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Published: November 23, 2010
 / Winter 2010 / Issue 61

 
 

The Good, the Bad, and the Trustworthy

2. Foster the key behaviors for a one-company culture. Implementing a market-driven strategy in a complex world requires companies to build a globally integrated culture that enables employees at all levels to consistently practice trustworthy behaviors in all facets of the business. This should be accomplished with transparency inside and outside the company, and it increasingly demands the help of a fully integrated corporate communications function that supports senior leadership. The transformation of Philips over the last decade from a high-volume electronics firm into a much more diverse healthcare, lighting, and consumer lifestyle company is a noteworthy example. Having established a coherent business portfolio and simplified the company’s global operating model, Philips CEO Gerard Kleisterlee launched two major communication campaigns: “One Philips” revitalized the company’s identity internally, and “Sense and Simplicity” repositioned its brand around the world. These efforts have helped provide a clear road map for all employees to follow in acting as one company.

3. Nurture reputational capital. Internal business practices must institutionalize the alignment of the company’s reputation with its actual behavior. This typically involves closing any gaps that may exist between corporate identity and image. To recognize these gaps, trustworthy companies maintain agile reputation “radar” systems, in which decision makers are continually informed of how outsiders see the company, and of strategic opportunities for or risks to reputational capital. Nurturing reputational capital also typically requires rethinking corporate social responsibility programs as vehicles for competitive advantage, distinguishing the company’s practices and overall capabilities from those of competitors.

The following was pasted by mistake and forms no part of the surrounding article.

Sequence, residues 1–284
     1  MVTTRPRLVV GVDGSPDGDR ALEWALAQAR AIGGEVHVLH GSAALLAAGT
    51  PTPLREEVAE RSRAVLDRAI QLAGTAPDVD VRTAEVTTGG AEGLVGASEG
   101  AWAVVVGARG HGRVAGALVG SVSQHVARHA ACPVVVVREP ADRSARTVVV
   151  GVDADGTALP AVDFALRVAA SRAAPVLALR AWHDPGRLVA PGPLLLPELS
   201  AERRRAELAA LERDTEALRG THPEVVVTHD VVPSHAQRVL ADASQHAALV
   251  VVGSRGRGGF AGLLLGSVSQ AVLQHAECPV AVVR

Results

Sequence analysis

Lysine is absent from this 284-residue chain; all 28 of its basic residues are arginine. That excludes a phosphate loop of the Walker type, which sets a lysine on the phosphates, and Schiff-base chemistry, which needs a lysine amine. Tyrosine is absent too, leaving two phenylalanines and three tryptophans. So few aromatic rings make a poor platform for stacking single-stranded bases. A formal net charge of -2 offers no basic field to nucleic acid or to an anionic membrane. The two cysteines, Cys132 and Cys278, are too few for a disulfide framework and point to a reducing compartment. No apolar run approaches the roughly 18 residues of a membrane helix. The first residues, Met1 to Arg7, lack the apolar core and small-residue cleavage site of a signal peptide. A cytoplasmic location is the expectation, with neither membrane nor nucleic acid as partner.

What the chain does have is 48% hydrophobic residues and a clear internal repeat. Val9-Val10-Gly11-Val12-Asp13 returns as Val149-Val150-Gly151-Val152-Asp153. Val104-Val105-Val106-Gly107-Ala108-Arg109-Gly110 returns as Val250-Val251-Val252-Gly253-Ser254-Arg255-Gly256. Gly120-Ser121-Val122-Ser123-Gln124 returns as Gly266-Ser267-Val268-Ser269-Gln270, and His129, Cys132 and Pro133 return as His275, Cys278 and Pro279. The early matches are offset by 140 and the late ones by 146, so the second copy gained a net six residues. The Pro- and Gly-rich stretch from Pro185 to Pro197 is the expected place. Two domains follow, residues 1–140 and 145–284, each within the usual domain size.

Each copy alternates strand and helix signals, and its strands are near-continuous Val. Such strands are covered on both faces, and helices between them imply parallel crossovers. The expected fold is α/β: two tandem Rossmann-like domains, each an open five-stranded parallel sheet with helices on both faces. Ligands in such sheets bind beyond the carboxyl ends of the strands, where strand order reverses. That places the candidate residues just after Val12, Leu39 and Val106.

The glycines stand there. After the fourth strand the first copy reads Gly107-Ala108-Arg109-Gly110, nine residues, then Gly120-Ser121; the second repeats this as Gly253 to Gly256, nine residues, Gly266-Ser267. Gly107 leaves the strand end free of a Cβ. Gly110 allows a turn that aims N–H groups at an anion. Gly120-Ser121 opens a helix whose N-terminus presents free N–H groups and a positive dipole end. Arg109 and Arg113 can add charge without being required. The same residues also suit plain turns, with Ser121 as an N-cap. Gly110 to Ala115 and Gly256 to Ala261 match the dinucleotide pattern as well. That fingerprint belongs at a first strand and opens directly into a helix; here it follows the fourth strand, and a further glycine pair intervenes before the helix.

4. Harness social media to strengthen relationships. Companies must empower employee communities with new collaboration skills and tools. They should facilitate dialogues with key constituents to better understand what matters to them and to address emerging problems early. During the 2008–09 recession, Ford Motor Company took advantage of its website and social media platforms to launch live conversations among suppliers, dealers, and customers. These were designed to bring Ford’s bright performance — bright compared with the looming bankruptcies and bailouts involving rivals GM and Chrysler — to everyone’s attention.

5. Integrate rigorous crisis management policies and procedures to quickly address behavioral lapses. Rapid response capabilities at local, regional, and corporate levels are critical to applying the five rules of protecting the organization’s reputation during a potentially damaging incident: frame the problem; tell the story you want to tell; execute a practical plan that mitigates the problem, minimizes the damage, and offers concrete steps to rebuild confidence among directly affected constituents; tell the truth; and transform the crisis into strategic opportunities to build reputational capital.

Once you have decided to become a trustworthy company, there is no turning back. Organizations that fail to develop trustworthiness completely or simply lose their way are vulnerable to significant criticism and backlash — which can result in a complete loss of credibility. The choice between neglect and building trustworthiness as a core capability may well become vital for competitive advantage in a world looking for institutions it can count on for the long term.

Reprint No. 10401

Author Profiles:

  • Paul A. Argenti is a professor of corporate communication at the Tuck School of Business at Dartmouth College. He specializes in strategy implementation through effective corporate communication.
  • James Lytton-Hitchins is a Booz & Company associate based in London. He is part of the firm’s organization, change, and leadership team and specializes in helping clients develop performance improvement strategies and capabilities.
  • Richard Verity is a Booz & Company partner based in London and leads the firm’s global chemicals practice. He specializes in supply chain management, organization, and corporate transformation.
 
 
 
 
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